Things you cannot do with Tclsh

What would you think if you’d receive three queries about the same (somewhat obscure) feature within six hours? It started with a nice e-mail from an engineer that I’ve corresponded with in the past. He wanted to send a Wake-on-LAN packet to a PC in a remote office. Usually you could use the ip directed-broadcast feature, but he wanted to use the remote office router to generate the packet.

A few hours later an engineer from another country that had sent me a few interesting configuration tips a while ago sent an almost identical question:

Since you're a whizz in tcl on IOS, how about a few lines of code to implement sending wake-on-lan magic packets from an IOS router !

To top it off, the following line came not long afterwards from an almost-anonymous source:

Hi Ivan, I have read several articles on your tcl-ios very interesting, I'm learning to use the IOS. Could you say if there is any way to generate a magic packet on ios to boot pc by Wake on LAN? Would be a good entry for your page.

I don't believe in coincidences, so I'm guessing these three engineers were trying to solve very similar problems ... and I keep wondering what happened in their networks in the last week.

Unfortunately, I was not able to help them. The Wake-on-LAN packet has to be sent to the broadcast address and it has to contain pretty long payload, so it's usually sent as a UDP packet (ICMP echo packet would also be an option). Core Tcl supports only socket API and thus does not support UDP (or any other protocol on top of IP but TCP). While various Tcl implementations support UDP with help of external libraries, you cannot use the same libraries in Cisco IOS. So it looks like there's no mechanism to generate a UDP packet with desired payload from Cisco IOS. Am I missing something?

Oh, and there's yet another option: if you can afford to invest $3500 per site, you can install AXP in your router to send the Wake-on-LAN packets.

8 comments:

  1. Hi Ivan,

    is it possible to use EEM/IPSLA to create a probe with one or more UDP packets and defining the content of the packets (multiple MAC address to wake up, I believe) with bcast destination address? We wouldn't use TCL, but EEM can be configured remotely via SNMP...

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  2. You gave me an interesting idea ... thanks :)

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  3. If you know in advance who is the WOL target, you could probably prepare small file, save it in flash and upload it somewhere via tftp?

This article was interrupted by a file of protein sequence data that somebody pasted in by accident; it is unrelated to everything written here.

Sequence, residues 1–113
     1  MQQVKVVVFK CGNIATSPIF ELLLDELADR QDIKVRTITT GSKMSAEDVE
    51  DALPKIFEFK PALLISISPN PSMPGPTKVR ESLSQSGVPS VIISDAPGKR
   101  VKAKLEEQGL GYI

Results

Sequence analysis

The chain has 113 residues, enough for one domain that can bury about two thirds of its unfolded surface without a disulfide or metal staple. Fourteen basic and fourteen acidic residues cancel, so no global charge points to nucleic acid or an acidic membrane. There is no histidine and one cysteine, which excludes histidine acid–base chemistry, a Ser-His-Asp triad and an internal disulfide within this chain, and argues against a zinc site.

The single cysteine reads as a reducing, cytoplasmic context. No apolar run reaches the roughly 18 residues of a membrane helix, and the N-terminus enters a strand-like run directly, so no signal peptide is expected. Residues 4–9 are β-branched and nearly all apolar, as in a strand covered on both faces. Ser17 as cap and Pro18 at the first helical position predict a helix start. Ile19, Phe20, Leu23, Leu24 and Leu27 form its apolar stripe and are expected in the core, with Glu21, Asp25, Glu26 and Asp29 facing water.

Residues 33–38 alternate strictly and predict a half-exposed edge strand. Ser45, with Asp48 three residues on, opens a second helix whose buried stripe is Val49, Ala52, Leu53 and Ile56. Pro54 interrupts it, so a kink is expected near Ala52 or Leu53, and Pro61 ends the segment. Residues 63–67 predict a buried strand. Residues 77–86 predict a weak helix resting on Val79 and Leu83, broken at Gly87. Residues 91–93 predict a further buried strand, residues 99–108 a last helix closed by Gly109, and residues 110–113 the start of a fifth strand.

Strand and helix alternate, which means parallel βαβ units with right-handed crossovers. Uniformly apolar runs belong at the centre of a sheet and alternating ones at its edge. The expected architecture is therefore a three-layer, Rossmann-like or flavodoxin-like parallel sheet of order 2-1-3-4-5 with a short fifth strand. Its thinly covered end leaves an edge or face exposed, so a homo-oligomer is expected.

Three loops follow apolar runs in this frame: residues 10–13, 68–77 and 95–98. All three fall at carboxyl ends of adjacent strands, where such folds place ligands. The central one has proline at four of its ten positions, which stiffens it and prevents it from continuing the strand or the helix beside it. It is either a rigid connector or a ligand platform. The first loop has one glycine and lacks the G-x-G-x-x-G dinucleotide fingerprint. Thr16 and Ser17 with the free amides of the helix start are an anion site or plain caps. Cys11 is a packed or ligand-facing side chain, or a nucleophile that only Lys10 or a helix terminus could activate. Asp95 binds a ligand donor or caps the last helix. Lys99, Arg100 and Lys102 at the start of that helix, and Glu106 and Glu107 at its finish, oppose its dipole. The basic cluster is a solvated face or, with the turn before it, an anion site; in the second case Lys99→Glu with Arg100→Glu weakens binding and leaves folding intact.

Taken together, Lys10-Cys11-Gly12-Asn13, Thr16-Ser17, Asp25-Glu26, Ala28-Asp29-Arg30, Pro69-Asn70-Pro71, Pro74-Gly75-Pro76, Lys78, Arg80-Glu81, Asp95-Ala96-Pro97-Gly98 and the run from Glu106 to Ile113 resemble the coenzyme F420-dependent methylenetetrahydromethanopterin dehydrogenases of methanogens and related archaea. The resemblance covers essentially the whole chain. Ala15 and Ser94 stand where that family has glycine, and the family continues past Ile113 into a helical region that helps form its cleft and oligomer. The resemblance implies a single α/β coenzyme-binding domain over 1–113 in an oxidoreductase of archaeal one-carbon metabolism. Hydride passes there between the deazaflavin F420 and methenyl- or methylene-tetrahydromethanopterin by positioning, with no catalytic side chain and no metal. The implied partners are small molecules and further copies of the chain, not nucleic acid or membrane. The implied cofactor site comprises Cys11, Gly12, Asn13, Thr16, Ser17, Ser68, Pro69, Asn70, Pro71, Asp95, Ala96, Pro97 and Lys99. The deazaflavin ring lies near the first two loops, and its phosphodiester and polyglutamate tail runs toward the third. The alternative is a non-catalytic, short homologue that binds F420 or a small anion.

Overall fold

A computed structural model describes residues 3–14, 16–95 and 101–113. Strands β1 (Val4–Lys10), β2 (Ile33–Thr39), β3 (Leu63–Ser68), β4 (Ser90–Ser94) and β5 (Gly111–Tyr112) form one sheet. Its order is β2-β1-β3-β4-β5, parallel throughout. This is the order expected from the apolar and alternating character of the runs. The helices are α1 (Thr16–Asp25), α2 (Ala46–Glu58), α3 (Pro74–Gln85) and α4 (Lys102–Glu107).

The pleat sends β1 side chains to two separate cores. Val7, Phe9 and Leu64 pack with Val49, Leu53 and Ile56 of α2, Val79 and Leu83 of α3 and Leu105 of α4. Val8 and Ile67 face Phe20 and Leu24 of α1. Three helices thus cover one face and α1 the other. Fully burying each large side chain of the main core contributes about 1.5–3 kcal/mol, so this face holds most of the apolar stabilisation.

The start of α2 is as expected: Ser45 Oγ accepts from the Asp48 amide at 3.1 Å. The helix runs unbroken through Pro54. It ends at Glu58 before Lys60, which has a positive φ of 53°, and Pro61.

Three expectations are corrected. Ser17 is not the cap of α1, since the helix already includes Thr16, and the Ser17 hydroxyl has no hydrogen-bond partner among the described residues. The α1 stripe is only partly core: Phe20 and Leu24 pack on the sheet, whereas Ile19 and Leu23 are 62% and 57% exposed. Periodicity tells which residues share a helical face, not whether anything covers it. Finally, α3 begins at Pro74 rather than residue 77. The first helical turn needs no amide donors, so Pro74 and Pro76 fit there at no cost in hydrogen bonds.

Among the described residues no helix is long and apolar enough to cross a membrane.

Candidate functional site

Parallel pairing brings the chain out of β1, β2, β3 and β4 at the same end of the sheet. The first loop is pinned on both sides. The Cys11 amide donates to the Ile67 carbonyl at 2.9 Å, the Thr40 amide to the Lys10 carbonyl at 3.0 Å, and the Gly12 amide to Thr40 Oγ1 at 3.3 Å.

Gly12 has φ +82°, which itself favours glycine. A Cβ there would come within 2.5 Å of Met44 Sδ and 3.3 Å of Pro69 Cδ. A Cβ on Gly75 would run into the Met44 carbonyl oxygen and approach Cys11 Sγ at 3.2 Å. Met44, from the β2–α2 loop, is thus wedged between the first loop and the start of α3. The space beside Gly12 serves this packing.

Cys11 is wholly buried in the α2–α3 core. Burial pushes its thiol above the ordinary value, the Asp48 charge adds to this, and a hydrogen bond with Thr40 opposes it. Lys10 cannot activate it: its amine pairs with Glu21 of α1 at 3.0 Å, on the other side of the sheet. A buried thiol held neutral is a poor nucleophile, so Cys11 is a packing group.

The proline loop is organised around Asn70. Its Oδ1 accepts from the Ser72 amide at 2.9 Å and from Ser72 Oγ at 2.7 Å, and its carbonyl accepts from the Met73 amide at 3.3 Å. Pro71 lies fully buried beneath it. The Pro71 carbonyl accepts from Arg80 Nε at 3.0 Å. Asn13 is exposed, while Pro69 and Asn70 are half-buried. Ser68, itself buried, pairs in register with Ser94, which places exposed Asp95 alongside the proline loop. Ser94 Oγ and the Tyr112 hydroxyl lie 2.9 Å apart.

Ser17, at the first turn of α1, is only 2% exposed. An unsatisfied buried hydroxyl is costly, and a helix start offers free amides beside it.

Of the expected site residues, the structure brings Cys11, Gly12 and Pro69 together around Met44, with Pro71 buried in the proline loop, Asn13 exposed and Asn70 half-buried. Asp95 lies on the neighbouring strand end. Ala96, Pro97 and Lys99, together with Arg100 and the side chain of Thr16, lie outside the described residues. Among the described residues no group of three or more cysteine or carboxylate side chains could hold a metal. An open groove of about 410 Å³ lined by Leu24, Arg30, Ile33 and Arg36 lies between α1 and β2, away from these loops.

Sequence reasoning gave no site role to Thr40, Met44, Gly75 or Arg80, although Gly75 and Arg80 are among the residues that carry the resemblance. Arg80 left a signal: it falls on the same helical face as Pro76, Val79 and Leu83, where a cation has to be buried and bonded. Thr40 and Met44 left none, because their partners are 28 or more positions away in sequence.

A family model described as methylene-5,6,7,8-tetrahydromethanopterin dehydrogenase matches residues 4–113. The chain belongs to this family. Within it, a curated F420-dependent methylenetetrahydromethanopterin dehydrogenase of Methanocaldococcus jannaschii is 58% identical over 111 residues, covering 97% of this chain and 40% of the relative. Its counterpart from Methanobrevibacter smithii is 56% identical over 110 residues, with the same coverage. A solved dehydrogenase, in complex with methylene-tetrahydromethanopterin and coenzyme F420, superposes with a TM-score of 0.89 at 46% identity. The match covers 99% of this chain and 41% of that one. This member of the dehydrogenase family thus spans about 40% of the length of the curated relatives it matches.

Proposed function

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  4. Probably won't work unless you have an actual tftp server and span its traffic to WOL target (because tftp needs ack before file if sent).

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  5. You also don't appear to be able to write a TCL script, add it as an alias'd command and pipe to it ... something I only discovered *AFTER* writing and testing the script. :'(

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  6. The "pipe" is actually part of the "show" command syntax. You can execute the "show" command within the Tcl script with the "exec" command and then filter the results.

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  7. Yeah, I've had similar comments from TAC. I think I actually want a "sort" option added to the pipe - on the ASR, "show ip nat translations" is not sorted on inside local (like on most of the other IOS platforms I've run NAT on).

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  8. I have an EEM policy that adds a sort option to the command line output modifiers (i.e. things after the pipe). I did it as a proof of concept for adding commands after pipe. Unfortunately it requires EEM version 3.0 and the ASR has EEM version 2.3. The sort is rather rudimentary - throws away lines with too few columns and lines that contain a non-integer value in the specified column, but again it's just a proof of concept.

    http://forums.cisco.com/eforum/servlet/EEM?page=eem&fn=script&scriptId=2427

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Ivan Pepelnjak, CCIE#1354, is the chief technology advisor for NIL Data Communications. He has been designing and implementing large-scale data communications networks as well as teaching and writing books about advanced technologies since 1990. See his full profile, contact him or follow @ioshints on Twitter.